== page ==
America changed in the 1950s. There was a migration from towns to cities and, with many collars changing from blue to white, from cities to the new suburbs. Tastes and interests were changing as well, with people making more money and spending more money. With all this, shopping obviously changed. By 1957 Mil Batten was vice president, a board member, and vice chairman under Al Hughes (the former Latin scholar). Batten saw the changing demographics with a clarity perhaps unmatched in the retail industry. His response was to write "The Memo."
It summarized the Penney business at the time. It accurately forecast the future. It concluded that vast changes had to occur in the company. It provided a plan for doing so. It became the most famous communication in Penney history beyond The Body of Doctrine (The Penney Idea). And it hastened Batten's appointment the next year to president/CEO as Hughes, past retirement age, remained as chairman.
The Memo made these points: The Penney Company profile was basically a soft goods store primarily in small and medium- sized towns selling for cash. This was largely a shrinking market.
It concluded that capital should be concentrated in metropolitan suburbs and other growth areas. As opposed to the old pinpointing, the company should also serve an increasingly widespread and increasingly demanding consumer with an increasingly expanded assortment of merchandise in increasingly convenient locations. This was a transformation of such scope that it would require special verve, imagination , and controls. Plus adroit use of "other people's money," particularly in new store development. 
If all this seems somewhat routine today, it was absolutely revolutionary at the time. And four revolutionary implementations had to accompany the plan:
New, bigger, and newly located stores. Batten identified the emerging shopping-center moguls ”the DeBartolos and Simons ”and figured they might be interested in an anchor-store partner whose leases they could take to the bank. It became a marriage made in heaven.
Committing to the expensive and protracted project of starting a catalog. Batten bought a small catalog operation, the General Merchandise Company of Milwaukee, primarily because of its technology. Its fully automated warehouse made anything at Sears and Wards look archaic.
Even farther out was developing a way to recover data at the point of sale in the new stores. Nobody else had ever thought about doing it. Not Federated, not IBM, not anyone ”and therein lies a story (coming up).
Emotionally at least, the most seismic change of them all: consumer credit. The Penney Company had sold for cash and cash only since its inception in 1902. The founder, in his eighties and still quite active, was a devout believer in cash. Next to God, he feared the ravages of debt that credit portended (for good reason).
But The Memo anticipated moving to the suburbs, where consumers consumed ”including expensive hardlines like appliances and electronics ("brown goods") ”and there the operational sine qua non was selling on credit. Every other major retailer sold on credit. Nevertheless, Mr. Penney actually became ill and had to go home when he heard what was afoot.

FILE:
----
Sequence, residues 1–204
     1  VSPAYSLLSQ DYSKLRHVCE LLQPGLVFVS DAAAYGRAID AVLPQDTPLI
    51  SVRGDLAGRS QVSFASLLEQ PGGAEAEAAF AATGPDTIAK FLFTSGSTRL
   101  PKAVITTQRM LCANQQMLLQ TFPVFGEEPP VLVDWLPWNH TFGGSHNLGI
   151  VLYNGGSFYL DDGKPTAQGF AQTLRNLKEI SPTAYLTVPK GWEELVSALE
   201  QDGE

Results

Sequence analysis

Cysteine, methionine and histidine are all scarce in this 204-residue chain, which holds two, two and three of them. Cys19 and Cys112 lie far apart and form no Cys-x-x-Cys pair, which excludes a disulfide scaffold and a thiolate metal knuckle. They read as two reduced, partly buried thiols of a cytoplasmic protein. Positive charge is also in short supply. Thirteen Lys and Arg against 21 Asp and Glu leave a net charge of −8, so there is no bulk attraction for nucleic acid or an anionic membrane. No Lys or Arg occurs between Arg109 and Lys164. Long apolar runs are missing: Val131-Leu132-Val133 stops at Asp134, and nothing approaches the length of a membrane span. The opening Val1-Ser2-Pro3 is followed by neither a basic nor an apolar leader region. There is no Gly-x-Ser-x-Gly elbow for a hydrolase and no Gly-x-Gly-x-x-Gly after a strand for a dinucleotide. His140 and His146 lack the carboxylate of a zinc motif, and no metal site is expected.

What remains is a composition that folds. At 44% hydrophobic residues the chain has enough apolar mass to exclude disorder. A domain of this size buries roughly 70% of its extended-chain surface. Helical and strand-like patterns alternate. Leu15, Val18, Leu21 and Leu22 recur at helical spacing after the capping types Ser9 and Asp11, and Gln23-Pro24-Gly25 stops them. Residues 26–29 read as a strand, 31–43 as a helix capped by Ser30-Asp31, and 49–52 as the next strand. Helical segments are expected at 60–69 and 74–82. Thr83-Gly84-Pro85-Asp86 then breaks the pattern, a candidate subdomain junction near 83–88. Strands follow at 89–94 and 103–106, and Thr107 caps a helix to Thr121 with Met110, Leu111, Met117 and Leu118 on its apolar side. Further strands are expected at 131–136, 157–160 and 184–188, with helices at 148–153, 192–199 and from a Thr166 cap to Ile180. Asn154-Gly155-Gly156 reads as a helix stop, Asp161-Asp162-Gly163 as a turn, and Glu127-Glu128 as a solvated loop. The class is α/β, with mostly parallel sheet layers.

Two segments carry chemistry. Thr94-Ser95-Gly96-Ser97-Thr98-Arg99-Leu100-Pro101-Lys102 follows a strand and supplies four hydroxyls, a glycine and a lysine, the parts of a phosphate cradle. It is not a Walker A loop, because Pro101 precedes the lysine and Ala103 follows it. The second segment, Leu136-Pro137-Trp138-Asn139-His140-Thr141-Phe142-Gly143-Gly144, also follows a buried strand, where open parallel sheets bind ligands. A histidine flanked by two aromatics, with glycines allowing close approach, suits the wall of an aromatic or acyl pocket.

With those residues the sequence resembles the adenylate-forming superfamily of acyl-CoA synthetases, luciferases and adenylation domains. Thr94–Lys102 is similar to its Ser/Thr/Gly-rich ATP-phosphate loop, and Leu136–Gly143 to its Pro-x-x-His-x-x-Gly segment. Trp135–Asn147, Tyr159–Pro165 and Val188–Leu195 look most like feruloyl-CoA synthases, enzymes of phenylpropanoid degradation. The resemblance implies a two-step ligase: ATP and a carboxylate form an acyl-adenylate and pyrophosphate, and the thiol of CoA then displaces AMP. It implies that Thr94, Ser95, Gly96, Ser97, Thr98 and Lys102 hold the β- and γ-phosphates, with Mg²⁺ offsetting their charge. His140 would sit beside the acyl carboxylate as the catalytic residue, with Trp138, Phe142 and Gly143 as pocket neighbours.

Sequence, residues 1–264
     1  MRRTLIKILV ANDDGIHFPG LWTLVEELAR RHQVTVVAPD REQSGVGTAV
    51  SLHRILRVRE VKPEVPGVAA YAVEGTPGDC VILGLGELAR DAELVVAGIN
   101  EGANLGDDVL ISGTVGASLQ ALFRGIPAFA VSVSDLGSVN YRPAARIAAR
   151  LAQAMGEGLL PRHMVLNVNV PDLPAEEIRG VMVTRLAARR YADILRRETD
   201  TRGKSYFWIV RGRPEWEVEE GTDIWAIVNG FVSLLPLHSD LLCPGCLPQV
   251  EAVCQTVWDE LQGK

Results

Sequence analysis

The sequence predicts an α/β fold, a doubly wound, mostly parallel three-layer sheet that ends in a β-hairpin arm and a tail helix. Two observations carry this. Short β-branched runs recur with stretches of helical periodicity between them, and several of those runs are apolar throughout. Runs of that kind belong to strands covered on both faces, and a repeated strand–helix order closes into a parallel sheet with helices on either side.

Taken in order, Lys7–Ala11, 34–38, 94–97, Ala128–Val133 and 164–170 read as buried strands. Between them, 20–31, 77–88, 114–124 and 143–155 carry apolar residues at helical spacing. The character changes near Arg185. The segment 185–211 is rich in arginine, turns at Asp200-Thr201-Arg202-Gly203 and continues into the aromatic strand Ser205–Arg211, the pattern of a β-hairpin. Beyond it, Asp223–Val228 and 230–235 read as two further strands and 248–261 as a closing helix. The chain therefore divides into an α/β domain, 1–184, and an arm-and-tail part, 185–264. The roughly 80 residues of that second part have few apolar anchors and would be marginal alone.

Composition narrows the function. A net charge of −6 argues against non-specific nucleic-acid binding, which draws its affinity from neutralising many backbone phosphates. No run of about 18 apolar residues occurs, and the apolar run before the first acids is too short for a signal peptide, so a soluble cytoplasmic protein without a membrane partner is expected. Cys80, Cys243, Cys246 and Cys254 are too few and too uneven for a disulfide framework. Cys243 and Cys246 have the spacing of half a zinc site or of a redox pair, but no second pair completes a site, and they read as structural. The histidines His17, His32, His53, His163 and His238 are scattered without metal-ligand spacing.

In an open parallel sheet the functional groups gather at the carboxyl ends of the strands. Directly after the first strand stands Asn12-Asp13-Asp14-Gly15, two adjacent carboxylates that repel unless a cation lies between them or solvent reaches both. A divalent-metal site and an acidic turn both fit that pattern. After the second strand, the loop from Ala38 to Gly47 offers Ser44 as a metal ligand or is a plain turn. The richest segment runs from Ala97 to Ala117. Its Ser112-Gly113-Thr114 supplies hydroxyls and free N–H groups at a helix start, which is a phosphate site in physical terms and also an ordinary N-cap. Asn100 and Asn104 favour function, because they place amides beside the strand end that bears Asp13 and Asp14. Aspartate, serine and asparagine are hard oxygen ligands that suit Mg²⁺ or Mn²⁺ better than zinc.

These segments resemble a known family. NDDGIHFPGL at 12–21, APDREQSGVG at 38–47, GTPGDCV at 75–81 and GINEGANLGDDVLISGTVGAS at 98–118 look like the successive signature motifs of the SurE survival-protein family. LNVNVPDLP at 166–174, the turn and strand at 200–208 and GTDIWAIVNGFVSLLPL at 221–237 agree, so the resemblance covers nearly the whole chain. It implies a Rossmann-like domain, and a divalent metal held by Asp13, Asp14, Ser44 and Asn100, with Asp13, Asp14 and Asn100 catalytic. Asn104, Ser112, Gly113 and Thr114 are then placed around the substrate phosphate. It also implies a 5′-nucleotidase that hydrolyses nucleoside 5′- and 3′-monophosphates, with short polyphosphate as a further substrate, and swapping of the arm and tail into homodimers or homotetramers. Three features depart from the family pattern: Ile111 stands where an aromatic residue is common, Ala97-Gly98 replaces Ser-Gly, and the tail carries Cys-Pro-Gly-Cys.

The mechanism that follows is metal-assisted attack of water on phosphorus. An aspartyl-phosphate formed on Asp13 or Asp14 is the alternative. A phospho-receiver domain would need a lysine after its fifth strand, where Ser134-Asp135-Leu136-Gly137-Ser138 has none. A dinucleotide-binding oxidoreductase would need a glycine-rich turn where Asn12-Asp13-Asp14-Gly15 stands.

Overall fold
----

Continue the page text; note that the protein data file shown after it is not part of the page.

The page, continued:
The credit issue came down to a boardroom vote. The special occasion called for tallying all directors plus some key Penney executives who were not on the board. Twenty votes in all. Batten, with mixed feelings, laid the appropriate groundwork . To every director he sent a new, cogent, and convincing brief reaffirming the need for sales on credit. A copy went to Mr. Penney, of course, to which Batten added a handwritten note:
Dear Mr. Penney,
I know how egregious this development must seem to you. It does appear, however, to be the prudent way to go.
Batten began the meeting by changing the rules. He looked around the table as he spoke. "Gentlemen, given the importance of the issue at hand, I will ask each of you to state your vote, yea or nay, and then add your reason for it. In order that Mr. Penney have the last word, I will start and then ask that we go around clockwise." He drew a loop in the air with his forefinger, starting with the man on his immediate left and ending with the founder on his immediate right. Then he continued briefly .
"All of you I trust have read the brief I mailed to you, which sums up my feelings. I vote yea." He nodded left and the next man rose. When it was time for Mr. Penney to speak, 19 yea votes had been cast.
"I congratulate you," said the old man. "Serving as representatives of our shareholders, you have voted wisely as you must." There was a hitch in his voice as he continued. "For myself , on the other hand, I must respond at a different level ”token as my vote will be. I am opposed to the move for fear that credit would impose hardships upon our customers." He hesitated again, looking from man to man. Many averted their eyes, knowing what was coming. "You see, I knew the hardships of debt firsthand, and I would not wish the company to contribute to this state in any fashion. For those reasons, I am compelled to vote against the proposal." He waited for a breath , said "Nay" and "Thank you," and sat down.
 Penney had deep pockets, a conservative balance sheet and still paid real dividends in dollars. But nobody had the kind of capital needed to pay for everything in the new plan.